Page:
I placed some steaks on the grill on medium heat went out 10-12 mins and turned them they were fine. 10-12 mins later i went to take them off the grill and the handle was so hot i couldn't touch it with my hand, raised the lid and found a huge fire. the grill had gotten so hot the knobs melted and i had to shut it off with the main gas valve. does anyone know of a recall, grill less than one year old.
I might have an Idea to what happened. All grills have a drip pan, most all new grills have a drain for grease that falls from our savory meats. Well, if, (not saying that you haven't) but if, you have not cleaned the drip pan, there is still grease left over that gets absorbed by food droppings. IF this is the case, you had a ticking time bomb of a grease fire. The grill did not overheat, the grease caught fire. You said your grill was a year old; so the regulator did not go full blast and when they do go bad they do not let gas pass through.
Not trying to preach to no one because I have done it myself, never leave your gas grill on and unattended. I hate to say it but even the owners manual says it.
I hope I did not come off the wrong way and I hope this might give you an idea/thought of what happened.
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Prepare the smoker for barbecuing by bringing the temperature up to 200°F to 220°F
(95°C to 105°C).
Put the steaks in the smoker and cook for about 2 hour for Medium Well to Well Done.
Check your steak at 1.5 hours to see how it is doing...maybe almost rare to medium rare...
During the last 15 minutes of cooking before the meat is done, you will brush the meat with some of marinade,bbq sauce,etc if you want.
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Seems as if your grill is suffering from "Clogged Burner Syndrome". But, don't despair, it's easily solved by removing and thoroughly cleaning the burners or "coil" as you called it. Also, pay particular attention to the venturi valves on the open end of the burner. Spiders like to build nests in them. The venturi valve will look like a slot on the right and left of the burner tube, where it fits over the burner orifice. It's really a good idea to perform this routine maintenance, at the start of each grilling season.
When it comes to gas grills, it's like Benjamin Franklin said, "Cleanliness is next to Godliness."
Hope this helped you solve the problem. Happy Grilling!!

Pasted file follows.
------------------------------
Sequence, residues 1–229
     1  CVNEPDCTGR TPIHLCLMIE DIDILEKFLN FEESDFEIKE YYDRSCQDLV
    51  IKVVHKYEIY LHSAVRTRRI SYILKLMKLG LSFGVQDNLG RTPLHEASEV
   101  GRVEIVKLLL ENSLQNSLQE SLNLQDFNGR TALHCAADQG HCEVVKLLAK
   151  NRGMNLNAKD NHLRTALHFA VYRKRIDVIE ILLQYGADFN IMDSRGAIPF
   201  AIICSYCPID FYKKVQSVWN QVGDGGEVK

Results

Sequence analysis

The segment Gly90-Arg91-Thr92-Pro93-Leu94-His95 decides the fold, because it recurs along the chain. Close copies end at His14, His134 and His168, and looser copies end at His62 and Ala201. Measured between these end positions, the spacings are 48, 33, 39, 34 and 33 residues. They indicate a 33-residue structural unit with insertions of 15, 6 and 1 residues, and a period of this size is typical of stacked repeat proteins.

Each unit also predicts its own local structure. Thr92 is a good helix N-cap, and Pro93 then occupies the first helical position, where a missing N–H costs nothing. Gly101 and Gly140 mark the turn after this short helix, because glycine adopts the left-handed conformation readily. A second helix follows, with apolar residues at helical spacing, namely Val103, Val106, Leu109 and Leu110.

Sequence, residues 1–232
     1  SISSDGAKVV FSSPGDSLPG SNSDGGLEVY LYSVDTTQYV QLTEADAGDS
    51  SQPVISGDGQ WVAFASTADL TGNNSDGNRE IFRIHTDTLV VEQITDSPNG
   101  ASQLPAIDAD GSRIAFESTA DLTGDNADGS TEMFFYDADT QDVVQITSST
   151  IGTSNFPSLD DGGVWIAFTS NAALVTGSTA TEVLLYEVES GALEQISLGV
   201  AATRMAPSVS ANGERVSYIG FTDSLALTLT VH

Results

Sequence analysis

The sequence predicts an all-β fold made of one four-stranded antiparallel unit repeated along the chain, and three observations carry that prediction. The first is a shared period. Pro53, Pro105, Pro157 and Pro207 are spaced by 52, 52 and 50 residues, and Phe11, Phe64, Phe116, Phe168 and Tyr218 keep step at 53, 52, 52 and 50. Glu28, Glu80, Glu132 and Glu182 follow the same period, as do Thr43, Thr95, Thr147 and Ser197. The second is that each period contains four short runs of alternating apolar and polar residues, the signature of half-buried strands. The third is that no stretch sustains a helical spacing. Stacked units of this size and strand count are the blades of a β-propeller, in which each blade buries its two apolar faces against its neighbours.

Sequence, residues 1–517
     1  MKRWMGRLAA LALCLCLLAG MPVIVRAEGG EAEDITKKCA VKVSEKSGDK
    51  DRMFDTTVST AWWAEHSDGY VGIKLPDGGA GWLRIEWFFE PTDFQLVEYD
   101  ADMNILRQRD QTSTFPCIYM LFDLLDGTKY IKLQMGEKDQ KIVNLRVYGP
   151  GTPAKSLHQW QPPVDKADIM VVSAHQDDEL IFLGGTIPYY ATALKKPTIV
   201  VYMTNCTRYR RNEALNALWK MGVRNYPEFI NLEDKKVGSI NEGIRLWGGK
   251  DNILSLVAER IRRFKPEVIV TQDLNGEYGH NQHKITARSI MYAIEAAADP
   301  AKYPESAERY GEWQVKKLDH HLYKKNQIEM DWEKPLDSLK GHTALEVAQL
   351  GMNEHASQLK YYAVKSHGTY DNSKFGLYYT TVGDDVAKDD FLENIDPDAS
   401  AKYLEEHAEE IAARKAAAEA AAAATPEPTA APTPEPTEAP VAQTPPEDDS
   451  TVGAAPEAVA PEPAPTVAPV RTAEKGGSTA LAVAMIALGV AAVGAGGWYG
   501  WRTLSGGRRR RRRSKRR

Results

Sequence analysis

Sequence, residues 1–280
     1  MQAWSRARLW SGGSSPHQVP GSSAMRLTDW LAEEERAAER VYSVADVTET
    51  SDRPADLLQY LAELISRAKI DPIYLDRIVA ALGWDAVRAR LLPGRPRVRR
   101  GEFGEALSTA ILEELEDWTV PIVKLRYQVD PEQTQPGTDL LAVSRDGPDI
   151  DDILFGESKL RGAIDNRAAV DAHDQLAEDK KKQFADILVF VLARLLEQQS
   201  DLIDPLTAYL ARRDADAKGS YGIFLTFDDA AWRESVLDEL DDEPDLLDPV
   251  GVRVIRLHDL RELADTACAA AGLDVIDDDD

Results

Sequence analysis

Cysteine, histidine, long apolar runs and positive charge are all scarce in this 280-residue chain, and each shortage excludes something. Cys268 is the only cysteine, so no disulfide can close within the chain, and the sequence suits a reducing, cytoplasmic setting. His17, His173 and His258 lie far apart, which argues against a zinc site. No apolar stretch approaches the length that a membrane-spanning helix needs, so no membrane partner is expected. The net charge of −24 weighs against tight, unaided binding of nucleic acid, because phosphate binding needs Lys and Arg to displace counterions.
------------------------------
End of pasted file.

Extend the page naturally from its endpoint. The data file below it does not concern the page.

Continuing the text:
To first sear the steak on both sides, turn it to it's highest setting. After both sides have seared for about 3-5 minutes per side, depending on the thickness. Then turn the temp down to medium and continue to grill to the way you like it turning it once more. Never use a fork to turn the meat. It pierces it and allows those wonderful juices to drain out. Use tongs instead. Once it's cooked to your liking, take it Off the grill and allow it to rest 3-5 minutes. That way, when you cut into it, most of those wonderful juices will remain in the meat.
Hope this helped you and enjoy your steak! Happy grilling!
In only three minutes, the grill hit 1600° F, nearly three times
hotter than a standard gas grill. Steak-Five minutes
later, it was done to medium-rare perfection.
Chicken Breast After 10 minutes — half the time it normally takes, it was done. The grill uses the same radiation as similar to a microwave if that helps with determining other times. if this helped please rate me and let me know...good luck!!
who said you cant?????????? use whatever the hell you want to....... ceramic or lava.... just make sure you keep the flame down to about medium and give those steaks a good two days to marinade and call me when your gonna heve em ready!!!!!!!!!!!! need a good marinade recipe??? email@example.com shoot me an email and i;ll hook you up with the best ive tried.... good luck
Shut off the gas at the tank and disconnect everything.
Unscrew the plastic cap on the regulator. Inside is a flat screw top that has a single slot or an X-shaped slot. This is the pressure adjustment. It controls the diaphragm that regulates gas flow.
Note where it's set. Use a Sharpie to mark the adjuster on its edge (place a dot there), and make a corresponding mark on the threads next to it.
Next, use a large screwdriver or a coin to spin the adjuster counterclockwise three or four times. Pay attention to the number of turns. Now, screw it back in (clockwise) the exact same number of turns, stopping at the index mark you made.
Next, turn the adjuster two turns clockwise, followed by two turns counterclockwise. The idea is to end up where it was originally set. This action unsticks the regulator's valve seat. Done.
Put the cap back on, hook it all up, open the tank valve, and make fire.